Supporting Democratic Aspirations of All People

The Obama administration's slow and cautious response to Egypt's protest was frustrating. And correct.

The unfolding revolutions in Tunisia and Egypt have captured the world’s attention and imagination. And raised anew some old questions about what, if anything, the West and the United States in particular should do.

In his January 25 State of the Union address, President Obama pointed to the “desire to be free in Tunisia, where the will of the people proved more powerful than the writ of a dictator.” He declared, “And tonight, let us be clear: The United States of America stands with the people of Tunisia, and supports the democratic aspirations of all people.”

But he pointedly did not mention Egypt, whose own revolution had erupted in full force that very day, as the #jan25 hashtags going viral on Twitter reminded us.   Was the United States going to stand with the people of Egypt, supporting their democratic aspirations, too?

Very tepidly, at best.    Aside from the president’s not mentioning the situation at all in his speech that evening, his spokesmen sent mixed messages on January 25th.

Secretary of State Hillary Clinton, asked by VOA’s Dave Gollust about the situation, noted that her people were “monitoring” the situation “very closely.”  She declared, ” We support the fundamental right of expression and assembly for all people, and we urge that all parties exercise restraint and refrain from violence. But our assessment is that the Egyptian Government is stable and is looking for ways to respond to the legitimate needs and interests of the Egyptian people.”

Press Secretary Robert Gibbs cautiously noted that the regime had a chance to “be responsive to the aspirations of the Egyptian people” and to “pursue political, economic and social reforms.”

On January 27  — a mere two days into the crisis, but which may as well have been two months to those following it second by second on Twitter — Vice President Joe Biden was asked point blank by PBS’s Jim Lehrer, “Has the time come for President Mubarak of Egypt to go, to stand aside?”  He responded, “No, I think the time has come for President Mubarak to begin to move in the direction that — to be more responsive to some of the needs of the people out there.”  Later in the interview, Biden defended the Egyptian strongman, proclaiming that, “Mubarak has been an ally of ours in a number of things and he’s been very responsible on, relative to geopolitical interests in the region: Middle East peace efforts, the actions Egypt has taken relative to normalizing the relationship with Israel.”  In the sound byte of the evening, he added, “I would not refer to him as a dictator.”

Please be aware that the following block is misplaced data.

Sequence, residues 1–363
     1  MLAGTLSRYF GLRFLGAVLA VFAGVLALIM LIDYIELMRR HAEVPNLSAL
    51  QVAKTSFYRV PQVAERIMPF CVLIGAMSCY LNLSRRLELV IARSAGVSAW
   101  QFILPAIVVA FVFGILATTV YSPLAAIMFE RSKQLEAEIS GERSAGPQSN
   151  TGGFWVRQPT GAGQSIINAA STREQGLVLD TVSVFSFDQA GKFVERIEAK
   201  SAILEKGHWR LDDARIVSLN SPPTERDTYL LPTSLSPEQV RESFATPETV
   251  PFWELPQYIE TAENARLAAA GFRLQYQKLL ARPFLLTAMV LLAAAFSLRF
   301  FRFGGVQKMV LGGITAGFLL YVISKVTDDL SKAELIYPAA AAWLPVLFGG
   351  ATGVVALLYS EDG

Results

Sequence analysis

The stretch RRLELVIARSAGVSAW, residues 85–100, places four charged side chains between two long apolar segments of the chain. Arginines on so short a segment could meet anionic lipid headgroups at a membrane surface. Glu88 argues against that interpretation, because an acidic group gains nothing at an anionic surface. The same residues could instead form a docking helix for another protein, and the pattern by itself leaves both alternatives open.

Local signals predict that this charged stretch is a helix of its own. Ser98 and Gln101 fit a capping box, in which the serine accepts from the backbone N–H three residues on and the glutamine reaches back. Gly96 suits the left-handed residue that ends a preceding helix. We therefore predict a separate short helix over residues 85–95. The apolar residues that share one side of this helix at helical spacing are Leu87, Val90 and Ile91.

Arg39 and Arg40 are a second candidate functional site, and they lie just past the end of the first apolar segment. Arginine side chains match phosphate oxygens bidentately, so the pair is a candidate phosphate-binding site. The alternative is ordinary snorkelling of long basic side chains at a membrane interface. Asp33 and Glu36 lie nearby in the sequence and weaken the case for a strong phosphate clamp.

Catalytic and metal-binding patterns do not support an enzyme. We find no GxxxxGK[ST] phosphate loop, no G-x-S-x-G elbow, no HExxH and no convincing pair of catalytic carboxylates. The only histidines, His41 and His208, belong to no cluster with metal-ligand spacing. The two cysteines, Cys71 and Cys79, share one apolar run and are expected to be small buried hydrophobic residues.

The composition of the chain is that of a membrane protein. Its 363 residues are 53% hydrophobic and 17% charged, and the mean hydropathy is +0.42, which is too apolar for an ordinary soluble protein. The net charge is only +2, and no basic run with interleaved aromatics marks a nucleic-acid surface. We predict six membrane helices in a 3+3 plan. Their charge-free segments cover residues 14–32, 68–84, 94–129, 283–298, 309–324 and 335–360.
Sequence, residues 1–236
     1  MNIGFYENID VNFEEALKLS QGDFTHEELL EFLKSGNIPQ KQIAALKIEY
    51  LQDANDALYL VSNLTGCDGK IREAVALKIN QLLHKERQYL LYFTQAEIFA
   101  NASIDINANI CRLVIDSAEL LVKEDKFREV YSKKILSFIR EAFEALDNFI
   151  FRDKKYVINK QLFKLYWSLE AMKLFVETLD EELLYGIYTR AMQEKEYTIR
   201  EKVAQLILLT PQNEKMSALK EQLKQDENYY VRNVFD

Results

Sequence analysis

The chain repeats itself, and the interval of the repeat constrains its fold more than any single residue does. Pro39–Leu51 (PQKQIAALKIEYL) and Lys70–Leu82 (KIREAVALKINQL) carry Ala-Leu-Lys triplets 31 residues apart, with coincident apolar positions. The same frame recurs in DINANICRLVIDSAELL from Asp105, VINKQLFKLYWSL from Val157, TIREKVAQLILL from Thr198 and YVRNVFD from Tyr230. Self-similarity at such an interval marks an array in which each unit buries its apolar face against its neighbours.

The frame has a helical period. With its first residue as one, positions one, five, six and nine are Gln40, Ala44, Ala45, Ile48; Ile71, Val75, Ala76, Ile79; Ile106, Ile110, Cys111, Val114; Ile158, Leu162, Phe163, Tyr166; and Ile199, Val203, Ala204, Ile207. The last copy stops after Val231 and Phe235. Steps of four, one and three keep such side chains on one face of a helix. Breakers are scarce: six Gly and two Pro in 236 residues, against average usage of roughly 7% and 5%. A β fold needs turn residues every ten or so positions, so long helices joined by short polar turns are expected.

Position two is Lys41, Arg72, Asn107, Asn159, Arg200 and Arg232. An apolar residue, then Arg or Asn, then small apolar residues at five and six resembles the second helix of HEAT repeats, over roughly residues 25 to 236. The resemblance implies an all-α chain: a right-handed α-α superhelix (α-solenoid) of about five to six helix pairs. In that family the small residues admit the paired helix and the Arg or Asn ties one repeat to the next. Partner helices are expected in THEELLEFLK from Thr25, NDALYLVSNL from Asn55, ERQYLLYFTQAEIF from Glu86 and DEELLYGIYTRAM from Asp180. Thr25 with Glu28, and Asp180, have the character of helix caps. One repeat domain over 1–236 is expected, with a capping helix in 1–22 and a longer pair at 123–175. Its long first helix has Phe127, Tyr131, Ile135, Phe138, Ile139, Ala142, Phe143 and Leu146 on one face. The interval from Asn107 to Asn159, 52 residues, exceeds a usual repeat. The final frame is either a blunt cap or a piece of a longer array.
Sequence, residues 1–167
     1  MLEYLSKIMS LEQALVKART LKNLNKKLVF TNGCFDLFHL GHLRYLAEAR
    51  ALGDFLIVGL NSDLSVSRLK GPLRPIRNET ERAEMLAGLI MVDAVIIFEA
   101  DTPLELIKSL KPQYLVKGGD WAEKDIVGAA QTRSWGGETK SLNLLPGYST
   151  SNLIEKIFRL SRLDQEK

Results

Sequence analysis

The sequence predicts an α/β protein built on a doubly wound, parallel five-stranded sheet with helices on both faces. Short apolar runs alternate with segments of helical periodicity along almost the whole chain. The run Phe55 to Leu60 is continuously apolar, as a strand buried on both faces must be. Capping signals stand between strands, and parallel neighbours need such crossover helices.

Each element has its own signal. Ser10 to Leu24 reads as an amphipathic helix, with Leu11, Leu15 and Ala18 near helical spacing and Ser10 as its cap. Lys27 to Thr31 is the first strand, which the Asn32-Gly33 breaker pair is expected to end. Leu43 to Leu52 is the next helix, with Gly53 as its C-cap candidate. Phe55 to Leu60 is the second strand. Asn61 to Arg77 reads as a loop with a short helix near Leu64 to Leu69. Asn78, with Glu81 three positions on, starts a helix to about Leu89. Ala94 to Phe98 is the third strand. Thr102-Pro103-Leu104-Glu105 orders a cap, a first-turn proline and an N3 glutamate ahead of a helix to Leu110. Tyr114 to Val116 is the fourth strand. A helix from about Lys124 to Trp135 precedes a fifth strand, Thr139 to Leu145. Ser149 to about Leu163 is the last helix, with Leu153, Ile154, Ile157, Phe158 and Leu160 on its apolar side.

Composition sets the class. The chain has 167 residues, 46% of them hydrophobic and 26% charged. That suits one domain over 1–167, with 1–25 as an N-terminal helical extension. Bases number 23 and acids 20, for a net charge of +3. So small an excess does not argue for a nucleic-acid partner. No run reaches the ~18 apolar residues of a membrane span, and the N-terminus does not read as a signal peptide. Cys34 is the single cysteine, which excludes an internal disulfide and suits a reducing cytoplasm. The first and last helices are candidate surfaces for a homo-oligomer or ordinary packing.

Now, we don’t yet know what, if anything, the administration was doing behind the scenes.  A Telegraph report yesterday claimed that the United States government has been orchestrating all this behind the scenes since the closing days of the Bush administration.  But the tepid public response was frustrating even sober analysts. Washington Post columnist and editor Jackson Diehl saw it as a continuation of two years of bad policy toward Egypt and urged the administration to use the considerable influence that its billions of dollars in aid confers and “take the right side.”

Finally, last night, President Obama himself weighed in, roughly an hour after Mubarak had addressed his country (and the rest of the world) on television.   Obama renewed calls “to refrain from any violence against peaceful protesters” and urged his counterpart to turn a “moment of volatility” into a “moment of promise.”

But he went much further, declaring, “The people of Egypt have rights that are universal.  That includes the right to peaceful assembly and association, the right to free speech, and the ability to determine their own destiny.  These are human rights.  And the United States will stand up for them everywhere.”